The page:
Earl R Smith II, PhD
DrSmith@Dr-Smith.com

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Let’s say you’re sitting in a movie theater watching a war film. It’s about the battle of Gettysburg - a reenactment of Pickett’s charge. The theater is filled with the sounds of cannon and musket fire. The images graphic. Soldiers on both sides are suffering horrific wounds. Many are dying before your eyes. But are they?

"It was like being there!"

If the producer and director have done their job well, you get something of that feeling. But what is it that is really going on? If you’ve never been in combat, what is your reference point? What is the actual experience all about?

Now let’s move onto the screen. An actor is portraying one of Pickett’s infantrymen. What you see on the screen is only part of what’s going on during the filming. There are cameras, lighting, other actors and a whole range of people working together to get a scene on film. And that actor, let’s say he has never been in combat let alone present at Gettysburg, is trying to experience what it had to be like on that fateful day. And so, he draws on whatever he can, including other movies he has seen, to create the feeling.

Now, sitting next to you is a veteran of the Vietnam war. He is watching the same movie as you are but, I am sure you would accept, his reactions are going to be different. He has been in combat. Memories of that experience collide with the images on the screen and the sounds. The idea of the thing translates into a thingness of its own character.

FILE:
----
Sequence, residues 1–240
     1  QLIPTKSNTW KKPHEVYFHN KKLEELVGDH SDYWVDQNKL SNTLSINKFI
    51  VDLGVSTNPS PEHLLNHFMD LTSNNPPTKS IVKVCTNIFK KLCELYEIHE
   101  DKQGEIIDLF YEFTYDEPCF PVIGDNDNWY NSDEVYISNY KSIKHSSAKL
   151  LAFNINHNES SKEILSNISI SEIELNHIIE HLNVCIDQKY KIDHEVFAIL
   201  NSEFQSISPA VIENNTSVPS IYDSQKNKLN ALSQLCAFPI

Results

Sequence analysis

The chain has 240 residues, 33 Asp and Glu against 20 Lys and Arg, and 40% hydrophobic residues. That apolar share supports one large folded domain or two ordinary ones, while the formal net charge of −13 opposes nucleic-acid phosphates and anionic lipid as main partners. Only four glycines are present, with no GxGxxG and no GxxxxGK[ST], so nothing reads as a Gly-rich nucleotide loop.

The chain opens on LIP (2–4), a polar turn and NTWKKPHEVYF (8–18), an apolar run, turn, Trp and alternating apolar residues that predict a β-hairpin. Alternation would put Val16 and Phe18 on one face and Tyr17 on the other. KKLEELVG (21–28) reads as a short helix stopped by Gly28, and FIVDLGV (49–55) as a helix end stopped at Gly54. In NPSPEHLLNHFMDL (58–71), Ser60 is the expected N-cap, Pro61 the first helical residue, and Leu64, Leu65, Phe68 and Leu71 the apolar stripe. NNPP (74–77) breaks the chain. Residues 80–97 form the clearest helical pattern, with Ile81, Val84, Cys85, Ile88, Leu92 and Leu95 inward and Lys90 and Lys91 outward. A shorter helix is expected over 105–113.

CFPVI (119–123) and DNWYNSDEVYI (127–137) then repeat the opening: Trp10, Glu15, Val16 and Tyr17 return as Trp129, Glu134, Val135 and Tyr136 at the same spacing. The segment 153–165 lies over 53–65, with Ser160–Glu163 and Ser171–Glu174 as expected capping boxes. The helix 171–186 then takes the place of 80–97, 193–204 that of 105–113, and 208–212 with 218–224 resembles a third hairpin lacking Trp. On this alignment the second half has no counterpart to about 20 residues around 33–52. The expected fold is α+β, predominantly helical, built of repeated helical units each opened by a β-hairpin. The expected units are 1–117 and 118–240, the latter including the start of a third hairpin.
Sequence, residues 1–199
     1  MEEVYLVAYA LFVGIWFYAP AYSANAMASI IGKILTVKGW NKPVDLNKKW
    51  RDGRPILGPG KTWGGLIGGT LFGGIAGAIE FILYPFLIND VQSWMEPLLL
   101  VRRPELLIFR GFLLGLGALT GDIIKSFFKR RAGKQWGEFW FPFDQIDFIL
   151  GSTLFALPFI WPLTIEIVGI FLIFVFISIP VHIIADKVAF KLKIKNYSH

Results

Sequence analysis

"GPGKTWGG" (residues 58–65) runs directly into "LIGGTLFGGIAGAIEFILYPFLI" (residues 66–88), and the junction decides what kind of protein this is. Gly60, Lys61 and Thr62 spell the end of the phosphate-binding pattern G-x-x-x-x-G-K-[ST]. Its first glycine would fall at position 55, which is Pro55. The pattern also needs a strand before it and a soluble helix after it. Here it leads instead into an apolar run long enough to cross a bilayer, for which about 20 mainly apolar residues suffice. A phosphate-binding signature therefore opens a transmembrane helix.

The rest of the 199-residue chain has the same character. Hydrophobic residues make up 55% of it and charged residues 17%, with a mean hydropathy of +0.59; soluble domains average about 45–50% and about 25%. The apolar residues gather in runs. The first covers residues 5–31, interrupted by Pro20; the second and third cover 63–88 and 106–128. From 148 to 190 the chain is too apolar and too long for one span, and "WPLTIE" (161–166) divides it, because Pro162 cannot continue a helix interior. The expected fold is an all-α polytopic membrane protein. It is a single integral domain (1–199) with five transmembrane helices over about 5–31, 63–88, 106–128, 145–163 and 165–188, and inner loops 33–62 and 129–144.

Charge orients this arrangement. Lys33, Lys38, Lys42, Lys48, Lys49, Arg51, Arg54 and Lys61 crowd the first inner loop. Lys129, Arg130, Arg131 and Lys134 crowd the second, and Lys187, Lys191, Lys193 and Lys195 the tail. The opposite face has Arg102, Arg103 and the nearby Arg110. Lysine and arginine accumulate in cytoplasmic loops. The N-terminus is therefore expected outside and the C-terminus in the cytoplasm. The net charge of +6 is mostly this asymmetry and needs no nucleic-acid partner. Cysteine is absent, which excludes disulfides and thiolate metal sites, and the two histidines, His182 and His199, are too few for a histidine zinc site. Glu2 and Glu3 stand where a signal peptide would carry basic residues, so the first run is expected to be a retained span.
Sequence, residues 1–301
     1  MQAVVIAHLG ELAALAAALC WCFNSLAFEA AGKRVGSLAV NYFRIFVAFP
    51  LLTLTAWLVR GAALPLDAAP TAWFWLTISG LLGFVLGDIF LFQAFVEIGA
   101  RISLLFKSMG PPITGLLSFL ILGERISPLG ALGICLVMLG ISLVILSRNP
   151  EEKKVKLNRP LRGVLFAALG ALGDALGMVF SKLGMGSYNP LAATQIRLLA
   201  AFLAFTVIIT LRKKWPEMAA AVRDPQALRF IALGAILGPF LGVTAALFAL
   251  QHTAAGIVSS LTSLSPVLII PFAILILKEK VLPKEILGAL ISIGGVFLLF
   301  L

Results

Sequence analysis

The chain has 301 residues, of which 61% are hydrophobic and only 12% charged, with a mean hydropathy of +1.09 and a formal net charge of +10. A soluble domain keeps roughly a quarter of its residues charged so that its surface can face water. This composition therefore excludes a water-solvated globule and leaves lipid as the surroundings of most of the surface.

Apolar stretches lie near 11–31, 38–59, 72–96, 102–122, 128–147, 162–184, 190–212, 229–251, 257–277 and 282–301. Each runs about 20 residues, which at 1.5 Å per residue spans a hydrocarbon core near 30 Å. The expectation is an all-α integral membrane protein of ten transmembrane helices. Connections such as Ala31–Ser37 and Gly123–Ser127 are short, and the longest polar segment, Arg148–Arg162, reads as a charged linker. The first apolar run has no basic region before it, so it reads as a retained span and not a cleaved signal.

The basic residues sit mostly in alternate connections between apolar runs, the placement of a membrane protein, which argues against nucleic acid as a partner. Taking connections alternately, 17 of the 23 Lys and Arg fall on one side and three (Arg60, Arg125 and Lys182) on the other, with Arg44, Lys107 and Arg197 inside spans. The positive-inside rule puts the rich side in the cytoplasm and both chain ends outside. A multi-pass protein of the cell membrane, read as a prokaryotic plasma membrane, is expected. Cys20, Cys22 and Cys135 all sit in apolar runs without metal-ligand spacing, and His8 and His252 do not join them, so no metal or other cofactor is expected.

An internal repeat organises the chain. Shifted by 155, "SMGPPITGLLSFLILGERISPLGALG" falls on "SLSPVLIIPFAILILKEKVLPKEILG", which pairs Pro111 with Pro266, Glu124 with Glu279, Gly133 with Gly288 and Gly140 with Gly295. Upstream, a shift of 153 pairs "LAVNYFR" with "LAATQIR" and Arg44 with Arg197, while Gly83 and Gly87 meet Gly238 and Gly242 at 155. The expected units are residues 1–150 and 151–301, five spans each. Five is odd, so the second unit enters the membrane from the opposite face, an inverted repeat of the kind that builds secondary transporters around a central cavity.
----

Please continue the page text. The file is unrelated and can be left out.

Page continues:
Some years back, I attended a Fourth of July celebration. The crowd, some 50 or 60 of us, was gathered on a roof deck overlooking the Potomac River where the fireworks barges were moored. We had a front row seat to a spectacular display. The sounds were concussive. You could feel them against your body. As I turned to refresh my drink, I noticed something peculiar. Towards the back of the terrace there was a group talking quietly together. I noticed that they all had been in combat. The fireworks display, which filled the rest of the group with awe, had triggered memories which were producing a significantly different experience.

Somewhere in the world, on a battlefield, there is an individual with a rifle in his hands. There are none of the illusions of the movie or memories of the veterans. It’s a filthy place. Is hungry and thirsty. There is only the immediate peril. The possibility that this heartbeat might be the last. This is the thing and not the idea of the thing.

In each case, there is the idea of being in combat. In each case there is a trigger response to what is happening. But the virtual representations are not the thing. They are something significantly less authentic.

Why is this important? I believe it’s important because increasingly lives are made up of these plastic representations of authentic experience. Nature is something you see on PBS. The dangerous nature of a bear is glossed over by the documentary. (If you doubt that, go out into the woods and see one firsthand.) Lions never seem to quite kill the gazelle they are chasing. We are so disconnected from the reality of nature that some of us go to Yellowstone National Park and try to get a bear to sit behind the steering wheel of our car - and we are appalled to discover that Yogi Bear is a cartoon character and this 400-pound wild animal is not. The idea of the thing is not the thing.

A fundamental precept of Buddhism is that these ideas of things - which we cling to as reality - are the sources of our dissatisfaction and suffering. To understand that the idea of the thing is not the thing is an important step along the path to enlightenment.

© Earl R. Smith II, PhD

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